50s and 70s Crossovers were Stupendous (Part One)
I'm sure you haven't heard of most of these, but they were simply astonishing!
The topic of crossovers is quite sensitive amongst pertrolheads, some think they are 'fake SUVs', whereas others think they are the perfect family car. No doubt that they are extremely practical and are well adapted to the smooth streets of the cities and can tackle some pretty rough surfaces as well. They are often more economical than their SUV siblings too as they were not designed to do any extreme offroading.
Many people think that this segment was started by a car like the Camry based Lexus RX, but crossovers came way before RX was even thought of. The RX may have been a major contributor to the rise in demand for this segment of vehicles in the 21st century, but it clearly wasn't the first nor the greatest crossover ever built, in fact, I think these were the greatest crossovers ever made:
Not only did these cars look great, but their names were too! This 1977 car was built by a French engineering group in collaboration with fellow French manufacturer Simca, and was supposed to be the direct competitor to the British Range Rover. Though it appears that the dimensions were not particularly similar to the Range Rover, but this small Range Rover recreation was in no way a mistake, but rather a French perception of offroaders. It was based on a small pickup-truck made by Simca, and was designed to be a leisure car. Like most modern day crossovers it wasn't all-wheel-drive either. Clearly the french think that offroading isn't a leisurely activity. It's cutesy proportions and uncompromised spaciousness make this car ideal to carry your picnic to the sunny countryside without having to worry about scrapping the underbody of your car.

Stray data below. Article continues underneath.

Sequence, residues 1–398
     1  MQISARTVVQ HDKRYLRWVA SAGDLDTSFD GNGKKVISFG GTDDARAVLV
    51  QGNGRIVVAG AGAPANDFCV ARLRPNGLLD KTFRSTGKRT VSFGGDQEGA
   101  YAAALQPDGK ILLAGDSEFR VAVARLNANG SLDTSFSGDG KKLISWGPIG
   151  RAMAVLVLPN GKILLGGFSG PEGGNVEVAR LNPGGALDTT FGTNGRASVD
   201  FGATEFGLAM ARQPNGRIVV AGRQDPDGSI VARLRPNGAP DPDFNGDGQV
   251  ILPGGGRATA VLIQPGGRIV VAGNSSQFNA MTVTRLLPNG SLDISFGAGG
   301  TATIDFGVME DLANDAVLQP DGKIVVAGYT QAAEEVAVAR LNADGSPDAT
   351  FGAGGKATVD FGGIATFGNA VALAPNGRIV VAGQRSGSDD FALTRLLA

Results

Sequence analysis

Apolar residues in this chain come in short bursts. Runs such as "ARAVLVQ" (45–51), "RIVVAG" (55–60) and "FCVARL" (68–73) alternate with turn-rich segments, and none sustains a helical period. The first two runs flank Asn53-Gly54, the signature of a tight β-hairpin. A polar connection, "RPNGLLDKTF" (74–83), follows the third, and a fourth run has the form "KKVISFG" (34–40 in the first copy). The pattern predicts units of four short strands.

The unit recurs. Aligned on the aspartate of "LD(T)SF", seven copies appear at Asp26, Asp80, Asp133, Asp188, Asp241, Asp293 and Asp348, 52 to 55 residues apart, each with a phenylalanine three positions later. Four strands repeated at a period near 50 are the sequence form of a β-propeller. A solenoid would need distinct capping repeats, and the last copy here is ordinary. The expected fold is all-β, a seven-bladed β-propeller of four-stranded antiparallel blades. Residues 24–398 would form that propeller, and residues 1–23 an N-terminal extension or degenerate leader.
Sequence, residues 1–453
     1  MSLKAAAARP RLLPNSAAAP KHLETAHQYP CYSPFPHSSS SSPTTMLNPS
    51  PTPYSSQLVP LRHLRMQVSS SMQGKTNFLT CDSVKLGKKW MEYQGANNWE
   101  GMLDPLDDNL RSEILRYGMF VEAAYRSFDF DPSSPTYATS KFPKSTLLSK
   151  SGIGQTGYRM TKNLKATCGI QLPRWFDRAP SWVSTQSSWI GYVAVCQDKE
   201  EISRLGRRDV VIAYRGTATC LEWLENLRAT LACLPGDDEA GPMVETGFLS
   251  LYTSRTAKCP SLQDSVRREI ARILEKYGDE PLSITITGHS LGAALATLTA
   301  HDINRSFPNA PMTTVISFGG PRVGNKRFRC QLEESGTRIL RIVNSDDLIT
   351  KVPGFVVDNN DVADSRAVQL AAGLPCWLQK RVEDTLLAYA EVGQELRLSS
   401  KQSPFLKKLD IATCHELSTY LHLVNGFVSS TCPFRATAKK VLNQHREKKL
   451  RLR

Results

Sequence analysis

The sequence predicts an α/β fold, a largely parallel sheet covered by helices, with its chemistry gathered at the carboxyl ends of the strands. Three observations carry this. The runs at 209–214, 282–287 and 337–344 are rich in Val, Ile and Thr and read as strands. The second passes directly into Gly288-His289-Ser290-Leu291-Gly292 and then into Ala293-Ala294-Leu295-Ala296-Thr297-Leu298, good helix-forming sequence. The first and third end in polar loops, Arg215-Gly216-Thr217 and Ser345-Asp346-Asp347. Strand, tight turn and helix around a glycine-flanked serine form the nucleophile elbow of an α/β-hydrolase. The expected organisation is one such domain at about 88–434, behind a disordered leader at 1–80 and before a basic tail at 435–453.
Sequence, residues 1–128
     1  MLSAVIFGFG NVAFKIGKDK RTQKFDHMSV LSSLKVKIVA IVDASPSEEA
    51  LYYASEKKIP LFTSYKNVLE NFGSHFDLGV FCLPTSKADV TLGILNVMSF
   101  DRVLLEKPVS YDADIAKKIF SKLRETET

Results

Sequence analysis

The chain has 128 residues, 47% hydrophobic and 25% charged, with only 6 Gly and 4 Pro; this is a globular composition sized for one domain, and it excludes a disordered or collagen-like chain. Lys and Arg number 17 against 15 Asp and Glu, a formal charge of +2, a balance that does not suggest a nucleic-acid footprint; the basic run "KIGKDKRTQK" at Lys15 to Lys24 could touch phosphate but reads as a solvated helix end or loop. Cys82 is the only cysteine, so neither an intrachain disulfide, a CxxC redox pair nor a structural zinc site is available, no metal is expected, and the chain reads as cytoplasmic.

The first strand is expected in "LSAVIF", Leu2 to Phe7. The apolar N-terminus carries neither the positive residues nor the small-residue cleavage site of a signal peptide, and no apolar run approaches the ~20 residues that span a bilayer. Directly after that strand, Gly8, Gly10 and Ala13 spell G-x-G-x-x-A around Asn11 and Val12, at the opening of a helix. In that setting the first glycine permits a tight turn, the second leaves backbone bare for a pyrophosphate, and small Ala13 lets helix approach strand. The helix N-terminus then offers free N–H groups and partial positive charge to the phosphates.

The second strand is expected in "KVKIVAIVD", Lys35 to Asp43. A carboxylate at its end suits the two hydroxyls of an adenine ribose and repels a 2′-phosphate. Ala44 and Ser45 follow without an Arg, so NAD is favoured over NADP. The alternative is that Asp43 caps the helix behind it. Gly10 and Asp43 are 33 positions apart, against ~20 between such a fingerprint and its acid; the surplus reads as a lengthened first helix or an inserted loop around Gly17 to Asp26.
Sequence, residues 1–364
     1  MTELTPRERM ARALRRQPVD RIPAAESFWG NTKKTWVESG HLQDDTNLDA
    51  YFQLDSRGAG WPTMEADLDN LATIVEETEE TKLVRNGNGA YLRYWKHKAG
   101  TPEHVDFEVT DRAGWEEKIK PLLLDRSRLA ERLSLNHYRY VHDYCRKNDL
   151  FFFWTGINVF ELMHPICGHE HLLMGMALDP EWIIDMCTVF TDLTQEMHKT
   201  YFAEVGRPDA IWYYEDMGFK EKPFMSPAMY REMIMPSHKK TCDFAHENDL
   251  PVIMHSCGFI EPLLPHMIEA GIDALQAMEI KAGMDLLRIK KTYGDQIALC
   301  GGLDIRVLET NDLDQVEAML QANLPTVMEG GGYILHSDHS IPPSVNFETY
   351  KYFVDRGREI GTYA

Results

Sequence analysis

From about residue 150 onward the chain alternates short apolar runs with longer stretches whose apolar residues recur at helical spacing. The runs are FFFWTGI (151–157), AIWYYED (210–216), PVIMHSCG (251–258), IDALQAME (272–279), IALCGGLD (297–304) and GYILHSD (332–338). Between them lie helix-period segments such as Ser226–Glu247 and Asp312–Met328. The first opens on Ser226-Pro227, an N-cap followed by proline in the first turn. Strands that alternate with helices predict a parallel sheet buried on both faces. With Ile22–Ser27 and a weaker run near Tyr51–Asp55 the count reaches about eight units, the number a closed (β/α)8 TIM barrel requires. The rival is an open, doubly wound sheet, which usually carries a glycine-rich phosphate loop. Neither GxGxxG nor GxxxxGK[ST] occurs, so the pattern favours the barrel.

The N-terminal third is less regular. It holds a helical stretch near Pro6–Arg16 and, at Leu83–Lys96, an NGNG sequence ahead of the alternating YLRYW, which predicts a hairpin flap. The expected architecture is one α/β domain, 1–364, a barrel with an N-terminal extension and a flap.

Following the second World War, companies were back on their feet, and were mass-producing cars again. Following the victory, the wartime hero, the Willys Jeep got a civilian variant that was aimed at the farmers. Willys Jeep wanted to create something that would be more appealing to the mass market, and so came the Willys-Overland Jeepster. It was more funky and looked to be success for the company. However, people didn't like its design, and only 20,000 were ever made.
Honestly, doesn't this look like a prehistoric BMW X6? Maybe there is a slight resemblance there. Anyway, what you're looking at is a Soviet car that is so ugly that it can be considered to be some form of art. However this thing is no joke, it's got a reinforced chassis and a transmission taken straight from a military truck. How Soviet is that! I wouldn't be surprised if it comes as standard with an RPG! It's also the first mass produced car with a monocoque all-wheel-drive system that's mated to a 55 horsepower engine. Only 4,677 units were produced until the production ended in 1958.
Although crossovers are being hated by many of us, in their earlier days, they were very funky cars that expressed your lifestyle. Usually implying that you are an adventurous person with a cute little off-roader that will not be stopped by a few rocks or a couple of inches of snow. But have modern manufacturers played a part in ruining the crossover segment?
Read Part Two HERE